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BY COLUMNISTS

| Joe Charlebois | Guest Columnist | Harry M. Covert | Norman M. Covert | Ken Kellar | Patricia A. Kelly | Edward Lulie III | Tom McLaughlin | Cindy A. Rose | Richard B. Weldon Jr. |

DOCUMENTS


The Tentacle


May 19, 2008

Elementary, My Dear Watson Part One

Richard B. Weldon Jr.

No, not the off-handed comment famously rendered by the brilliant English detective Sherlock Holmes to his trusted companion, Dr. Watson. I’m talking about that generation of learners who fill our elementary schools, our next generation of leaders, scientists, entertainers, and thinkers.

 

Some of my most favored activities are annual visits to the elementary school classes in District 3-B as they focus on learning about our state and its government. Typically fourth-graders, these students are being exposed to concepts that might seem a little foreign, and not necessarily the things they have much interest in.

 

I’m pretty sure the boys would rather be talking baseball, and the girls would rather discuss the boys. Regardless, the teachers are kind enough to give a politician some face time to try to create some excitement about our government.

 

If you think that talking about government is easy, take my word for it, it’s not. Even giving speeches to grown ups that feature government and politics is a tough gig; not something many look forward to. I’ve seen the rolled eyes, the look of skepticism as the audience braces for droning drumbeat of self-aggrandizement typical of most political speeches.

 

Adults have come to expect it, though, so there isn’t a lot of surprise. Children, on the other hand, have no real expectation, other than a change of pace from the normal structured learning environment of their classroom.

 

Over the years, the sessions have gone much better than expected. Children learn best when their natural energy is focused on the task at hand, so these sessions typically start with a game. We review their knowledge of our state symbols, starting simply and building to the less well-known.

 

See how many you can guess (the answers will be at the bottom of next week’s column):

 

The State Dog

The State Cat

The State Flower

The State Bird

The State Tree

The State Horse

The State Crustacean

The State Sport

The State Team Sport

The State Gemstone

The State Exercise

The State Cake

 

It’s a fun way to focus on all things Maryland, and to introduce the topic of what makes us special. Many of these fourth grade classes get them all, or at least all but one or two. Hopefully, you do better than that!

 

Following the symbol game, we spend time talking about our state flag and its own interesting history. The students typically know a little about George Calvert, the first Lord Baltimore. Lord Calvert chose as his personal crest his father’s family colors of gold and black, along with the heraldic imagery of a sash crossing palisades to show he had battled for his king. Less well-known is his choice of his mother’s Crossland red and white cross bottony, reflecting his Christian faith.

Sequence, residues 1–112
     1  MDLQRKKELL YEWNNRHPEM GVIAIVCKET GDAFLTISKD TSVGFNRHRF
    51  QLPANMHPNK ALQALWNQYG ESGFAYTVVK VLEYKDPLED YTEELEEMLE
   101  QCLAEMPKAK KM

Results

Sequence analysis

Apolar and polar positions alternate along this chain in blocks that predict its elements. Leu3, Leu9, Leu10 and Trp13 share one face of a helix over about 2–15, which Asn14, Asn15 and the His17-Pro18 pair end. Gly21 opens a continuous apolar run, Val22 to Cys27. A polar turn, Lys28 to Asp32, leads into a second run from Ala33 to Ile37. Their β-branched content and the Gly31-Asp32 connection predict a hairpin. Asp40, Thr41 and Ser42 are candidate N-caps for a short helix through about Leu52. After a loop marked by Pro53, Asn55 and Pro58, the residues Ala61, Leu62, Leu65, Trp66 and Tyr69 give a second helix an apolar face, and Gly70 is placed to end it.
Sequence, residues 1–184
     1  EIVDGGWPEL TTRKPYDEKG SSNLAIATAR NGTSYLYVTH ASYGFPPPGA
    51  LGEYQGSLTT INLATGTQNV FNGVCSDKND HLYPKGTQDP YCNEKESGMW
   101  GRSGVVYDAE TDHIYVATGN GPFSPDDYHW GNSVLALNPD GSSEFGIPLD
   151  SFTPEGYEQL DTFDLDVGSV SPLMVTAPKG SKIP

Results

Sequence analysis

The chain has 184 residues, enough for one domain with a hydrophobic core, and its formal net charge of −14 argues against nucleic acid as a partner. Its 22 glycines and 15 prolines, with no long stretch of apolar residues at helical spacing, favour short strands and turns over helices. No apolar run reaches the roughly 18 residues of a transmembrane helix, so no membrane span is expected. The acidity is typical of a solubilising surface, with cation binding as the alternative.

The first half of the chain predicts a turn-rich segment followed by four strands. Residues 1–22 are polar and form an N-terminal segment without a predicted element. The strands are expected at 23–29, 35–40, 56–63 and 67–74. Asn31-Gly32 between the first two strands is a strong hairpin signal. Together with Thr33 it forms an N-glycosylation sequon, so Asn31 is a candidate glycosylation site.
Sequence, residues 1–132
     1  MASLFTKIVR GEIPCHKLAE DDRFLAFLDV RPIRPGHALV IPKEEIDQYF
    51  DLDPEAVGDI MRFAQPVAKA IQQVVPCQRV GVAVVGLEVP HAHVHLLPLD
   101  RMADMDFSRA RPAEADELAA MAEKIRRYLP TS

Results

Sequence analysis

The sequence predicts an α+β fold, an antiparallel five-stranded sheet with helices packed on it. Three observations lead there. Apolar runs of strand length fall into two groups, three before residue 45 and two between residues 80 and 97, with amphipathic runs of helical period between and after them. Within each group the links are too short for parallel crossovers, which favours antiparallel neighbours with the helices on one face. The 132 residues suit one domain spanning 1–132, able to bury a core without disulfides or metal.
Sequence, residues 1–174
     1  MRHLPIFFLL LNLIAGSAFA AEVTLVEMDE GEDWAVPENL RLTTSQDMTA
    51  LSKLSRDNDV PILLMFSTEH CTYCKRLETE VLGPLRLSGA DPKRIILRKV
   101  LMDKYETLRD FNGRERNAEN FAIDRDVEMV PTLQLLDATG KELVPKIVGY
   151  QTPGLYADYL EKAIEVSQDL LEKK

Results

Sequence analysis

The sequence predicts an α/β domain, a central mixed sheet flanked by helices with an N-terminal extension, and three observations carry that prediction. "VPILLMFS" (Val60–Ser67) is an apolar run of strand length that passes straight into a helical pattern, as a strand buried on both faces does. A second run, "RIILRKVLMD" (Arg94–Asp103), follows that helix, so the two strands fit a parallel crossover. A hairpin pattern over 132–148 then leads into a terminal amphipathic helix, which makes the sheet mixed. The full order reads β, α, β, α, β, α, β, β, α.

Unfortunately, Lord Calvert’s crest didn’t become our official state flag until an act of the General Assembly in 1904. Before that, and during the Civil War, the two merged designs of our flag separately represented Maryland’s own division between the Union sympathizers, who went with the black and gold “Baltimore” colors, and the southern parts of the state, who chose the red and white design as the secessionist colors.

 

A little talk about brother fighting brother right here in Frederick County, and you’ve got those fourth graders’ attention. Good thing, because once you start talking about how government works, it is short attention span time!

 

Governor’s typically have excellent name recognition, probably thanks to their sophisticated media machines. Former Gov. Robert Ehrlich was identified each year, but Governor Martin O’Malley needed a year or two on the TV before the students got his name. Befitting their invisible status, lieutenant governors are virtually unknown.

 

They know their delegate, probably because I’m standing there; but no one, not one time in six years, has been able to identify State District 3 Sen. Alex Mooney by name. Sounds like the Mooney machine needs to do some more youth outreach!

 

Since most of them are preparing for a school trip to Annapolis, we talk about the historic State House building. This year, it’s actually closed to tourists, but the kids will see some artifacts that have been relocated from the Capitol building to the House and Senate office buildings. Not the same, but as it good as it’ll be this year.

 

Next week, we’ll look at the actual legislative game we play in school, as opposed to the games played in Annapolis.

 



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